The history of the Porsche 959 has been well-documented numerous times over, so I won’t attempt to climb that entire mountain today—a quick distillation to prime the pumps can’t hurt though. First built at Bauer in very limited numbers between 1986 and 1988 (and then in a much smaller batch of leftovers in the early 1990s), the 959 was Helmuth Bott’s vision of the future, both for Porsche and the rear-engine philosophy in particular. As the head of engineering at the time, his technologically ambitious ideas were given more credence than most, and he was given the go-ahead to produce what would become the ultimate road car of its era, and an entry into the supercar canon that has only grown in stature over the decades.
At the time, its all-wheel drive system was the most advanced out there thanks to its trick torque-vectoring diffs, it had cockpit controls for the electronically adjustable suspension (called Porsche-Steuer Kupplung, though that last word isn’t a noise you’d want your suspension to make), and the motorsport-derived 2.85-liter twin-turbo flat-six made use of water-cooled heads modified from the legendary works “Moby Dick” 935 to produce just under 450 horsepower. It was a bundle of everything cutting-edge you could build a car out of, a complete triumph of engineering, and a machine that lost money for the company even with its exorbitant price point.
But we can’t measure the success of such things in dollars, for the experience gained in building this car—and the support it garnered for the 911 at a time when front-engined Porsches were actively trying to take its place—has reverberated throughout the company’s timeline ever since.
Obviously the title of “most advanced” can only be held onto for so long when it comes to cars, and the 959 has been eclipsed plenty of times since it reigned supreme in the 1980s. But just as the automotive landscape has changed, so too can the 959. It’s fitting then, that the man who was so crucial in bringing the car to America for the first time, is also the one behind its continued relevance when it comes to performance.
We already had a film with Bruce Canepa wherein he talks about the grey legalities and loopholes that led to the “Show or Display” exemptions and the 959’s entry to US roadways—which you can watch here—and you also might recall a certain green 959 that was shown off at last year’s Luftgekühlt, both of which hint at the subject of this article: the Porsche 959SC. Displayed at the edition of the air-cooled Porsche event just passed, the stunning blue-over-red 959SC appears very much like a new 959 from the factory at first glance. The paint is done to sample however, the interior is completely renewed, and in fact the entire car is stripped down to its very last components and then essentially built to be brand new again, with a few additions of course.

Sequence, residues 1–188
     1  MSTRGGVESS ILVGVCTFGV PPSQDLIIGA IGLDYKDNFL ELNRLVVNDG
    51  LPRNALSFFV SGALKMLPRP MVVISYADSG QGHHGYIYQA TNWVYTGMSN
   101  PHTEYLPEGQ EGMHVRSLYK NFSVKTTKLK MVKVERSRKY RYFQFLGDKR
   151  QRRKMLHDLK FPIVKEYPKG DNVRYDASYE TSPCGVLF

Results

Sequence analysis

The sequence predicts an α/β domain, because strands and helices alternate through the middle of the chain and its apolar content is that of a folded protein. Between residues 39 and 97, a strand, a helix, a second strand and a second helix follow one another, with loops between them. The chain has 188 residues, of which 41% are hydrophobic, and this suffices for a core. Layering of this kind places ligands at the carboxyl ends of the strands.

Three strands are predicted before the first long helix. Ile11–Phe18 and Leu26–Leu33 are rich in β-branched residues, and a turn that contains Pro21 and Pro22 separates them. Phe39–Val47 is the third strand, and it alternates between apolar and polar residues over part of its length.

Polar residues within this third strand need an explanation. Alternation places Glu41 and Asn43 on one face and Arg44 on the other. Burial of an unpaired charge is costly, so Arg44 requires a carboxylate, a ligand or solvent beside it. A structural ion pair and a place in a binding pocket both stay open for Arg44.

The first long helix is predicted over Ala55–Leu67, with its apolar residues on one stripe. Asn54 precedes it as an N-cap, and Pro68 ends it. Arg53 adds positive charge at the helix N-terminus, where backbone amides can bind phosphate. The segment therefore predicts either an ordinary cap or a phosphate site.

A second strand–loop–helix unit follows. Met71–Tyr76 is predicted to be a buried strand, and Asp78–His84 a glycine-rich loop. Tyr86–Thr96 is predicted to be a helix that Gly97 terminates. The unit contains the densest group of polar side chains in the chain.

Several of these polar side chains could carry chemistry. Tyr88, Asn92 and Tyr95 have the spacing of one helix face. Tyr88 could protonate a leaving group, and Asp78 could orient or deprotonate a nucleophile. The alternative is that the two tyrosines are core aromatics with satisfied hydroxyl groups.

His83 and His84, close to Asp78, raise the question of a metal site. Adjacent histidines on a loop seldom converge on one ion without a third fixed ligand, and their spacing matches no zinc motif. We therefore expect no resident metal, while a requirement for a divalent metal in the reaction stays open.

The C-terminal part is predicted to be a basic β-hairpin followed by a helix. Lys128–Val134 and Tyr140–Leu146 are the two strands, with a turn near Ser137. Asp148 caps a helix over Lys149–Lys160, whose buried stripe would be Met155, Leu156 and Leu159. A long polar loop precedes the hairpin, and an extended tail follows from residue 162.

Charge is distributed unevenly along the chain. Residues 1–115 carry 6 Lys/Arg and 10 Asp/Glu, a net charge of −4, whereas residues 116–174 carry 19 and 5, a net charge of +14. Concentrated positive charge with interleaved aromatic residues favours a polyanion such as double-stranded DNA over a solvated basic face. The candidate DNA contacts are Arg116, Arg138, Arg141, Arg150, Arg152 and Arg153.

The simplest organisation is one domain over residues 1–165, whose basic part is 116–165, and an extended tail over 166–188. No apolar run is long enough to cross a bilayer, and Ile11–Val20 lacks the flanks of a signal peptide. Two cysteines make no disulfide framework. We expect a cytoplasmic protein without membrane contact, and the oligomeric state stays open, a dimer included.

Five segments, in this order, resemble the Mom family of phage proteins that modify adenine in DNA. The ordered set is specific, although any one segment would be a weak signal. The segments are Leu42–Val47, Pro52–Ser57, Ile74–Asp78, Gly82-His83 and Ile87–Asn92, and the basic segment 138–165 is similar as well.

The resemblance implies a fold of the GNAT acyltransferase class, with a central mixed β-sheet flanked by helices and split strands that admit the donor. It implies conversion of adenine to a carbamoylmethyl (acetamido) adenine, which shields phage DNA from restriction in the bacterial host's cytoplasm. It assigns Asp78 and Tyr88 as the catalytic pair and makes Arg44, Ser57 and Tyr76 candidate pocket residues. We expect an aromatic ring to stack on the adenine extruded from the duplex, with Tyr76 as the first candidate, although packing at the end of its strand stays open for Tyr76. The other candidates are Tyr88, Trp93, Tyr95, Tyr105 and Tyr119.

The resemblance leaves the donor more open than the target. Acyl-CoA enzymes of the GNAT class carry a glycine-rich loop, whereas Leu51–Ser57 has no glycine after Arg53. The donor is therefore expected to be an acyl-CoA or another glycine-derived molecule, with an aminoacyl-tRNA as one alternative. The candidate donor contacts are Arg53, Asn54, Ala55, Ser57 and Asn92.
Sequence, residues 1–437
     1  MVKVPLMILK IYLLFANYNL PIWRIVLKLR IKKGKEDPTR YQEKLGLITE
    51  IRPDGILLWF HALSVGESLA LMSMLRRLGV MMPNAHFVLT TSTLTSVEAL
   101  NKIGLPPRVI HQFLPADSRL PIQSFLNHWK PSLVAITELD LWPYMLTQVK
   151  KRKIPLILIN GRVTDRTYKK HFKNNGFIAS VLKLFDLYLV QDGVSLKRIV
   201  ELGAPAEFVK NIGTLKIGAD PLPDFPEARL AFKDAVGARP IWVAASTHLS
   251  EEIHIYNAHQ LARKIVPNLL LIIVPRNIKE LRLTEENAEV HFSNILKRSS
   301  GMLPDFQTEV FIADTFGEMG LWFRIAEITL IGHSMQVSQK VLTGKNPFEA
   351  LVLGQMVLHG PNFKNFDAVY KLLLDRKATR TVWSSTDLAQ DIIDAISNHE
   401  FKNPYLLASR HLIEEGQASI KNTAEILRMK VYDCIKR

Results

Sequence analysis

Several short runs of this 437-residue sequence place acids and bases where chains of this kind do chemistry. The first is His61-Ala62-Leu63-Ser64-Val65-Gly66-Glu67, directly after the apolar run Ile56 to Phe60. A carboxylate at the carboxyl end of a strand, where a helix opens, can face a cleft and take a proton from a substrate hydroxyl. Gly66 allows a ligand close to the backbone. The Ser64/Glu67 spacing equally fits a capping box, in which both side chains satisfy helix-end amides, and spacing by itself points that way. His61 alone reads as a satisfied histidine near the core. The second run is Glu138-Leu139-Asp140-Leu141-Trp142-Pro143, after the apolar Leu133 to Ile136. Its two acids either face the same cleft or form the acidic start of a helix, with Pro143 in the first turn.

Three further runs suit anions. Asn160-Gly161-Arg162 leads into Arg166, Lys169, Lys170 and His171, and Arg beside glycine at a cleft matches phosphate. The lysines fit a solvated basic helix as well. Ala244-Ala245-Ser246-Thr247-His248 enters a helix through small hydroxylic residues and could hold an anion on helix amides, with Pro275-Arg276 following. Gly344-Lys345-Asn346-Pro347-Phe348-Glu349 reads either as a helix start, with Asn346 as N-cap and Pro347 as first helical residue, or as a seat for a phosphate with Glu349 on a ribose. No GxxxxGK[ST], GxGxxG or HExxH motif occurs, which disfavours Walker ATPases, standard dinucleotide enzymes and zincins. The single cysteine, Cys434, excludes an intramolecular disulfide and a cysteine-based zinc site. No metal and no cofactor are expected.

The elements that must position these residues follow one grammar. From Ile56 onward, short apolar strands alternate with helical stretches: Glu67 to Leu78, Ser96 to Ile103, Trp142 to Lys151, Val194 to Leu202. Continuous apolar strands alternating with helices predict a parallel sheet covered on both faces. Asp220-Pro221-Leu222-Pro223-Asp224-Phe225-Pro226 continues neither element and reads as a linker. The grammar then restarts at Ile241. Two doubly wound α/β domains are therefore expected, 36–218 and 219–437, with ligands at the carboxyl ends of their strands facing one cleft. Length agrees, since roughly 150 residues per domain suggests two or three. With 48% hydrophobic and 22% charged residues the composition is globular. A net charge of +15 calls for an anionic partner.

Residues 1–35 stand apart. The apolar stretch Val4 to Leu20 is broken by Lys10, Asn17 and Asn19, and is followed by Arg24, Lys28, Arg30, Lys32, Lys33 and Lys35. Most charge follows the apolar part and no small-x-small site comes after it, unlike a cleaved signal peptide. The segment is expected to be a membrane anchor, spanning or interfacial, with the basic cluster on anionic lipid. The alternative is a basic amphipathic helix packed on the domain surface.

The Canepa program to update the 959 can be traced all the way back to the early-2000s, when his “Gen I” modifications boosted the power of the car to the high five hundreds thanks to what he’d gleaned from modifying them to meet stricter emissions standards (talk about trickle down tech!). That step was followed by generations two and three, naturally, and now you can take a 959 to a set of buildings in Northern California and have it returned to you with nearly 800 horsepower thanks to a list of comprehensive updates to the power plant. The 959SC—which in a clever play on Porsche naming conventions, stands for “Sport Canepa”—is the result of combining the aforementioned walloper of a motor (which features upgraded turbos, a more advanced ECU and ignition system, and all the supporting modifications necessary to support the newfound grunt) with a full concours-level restoration.
Hundreds of hours are put into body and paintwork, the full-leather interior is stretched and stitched in-house as well, and the client-selected colors and finishes ensure that each 959SC is truly one of one. More than just a retune and retrim, these über 959s also have an upgraded clutch system and are converted to run fixed-height 959 Sport-style suspension, and for further consideration on the road-holding aspects of the car, Canepa is also in the process of producing an 18” wheel. That sounds a bit boring in comparison to everything else, but not so much when you consider the details: they are recreating the same design as the OEM hollow-spoke magnesium units. No easy feat, and better yet, it’s not just for those wanting a little more wheel and a little less tire. It’s the opposite really, and the whole idea is based on taking advantage of the best modern performance tire options which sadly don’t descend below the 18” mark that often.
In all, it’s a tasteful and terrifyingly quick—I assume, but I think it’s a safe assumption—update to a car that basically redefined what it meant to be a supercar. Back in 1987 the 959 was one of the most outrageously cool things one could buy, and it looks like that’s true once again in 2018. What do you think about the 959SC?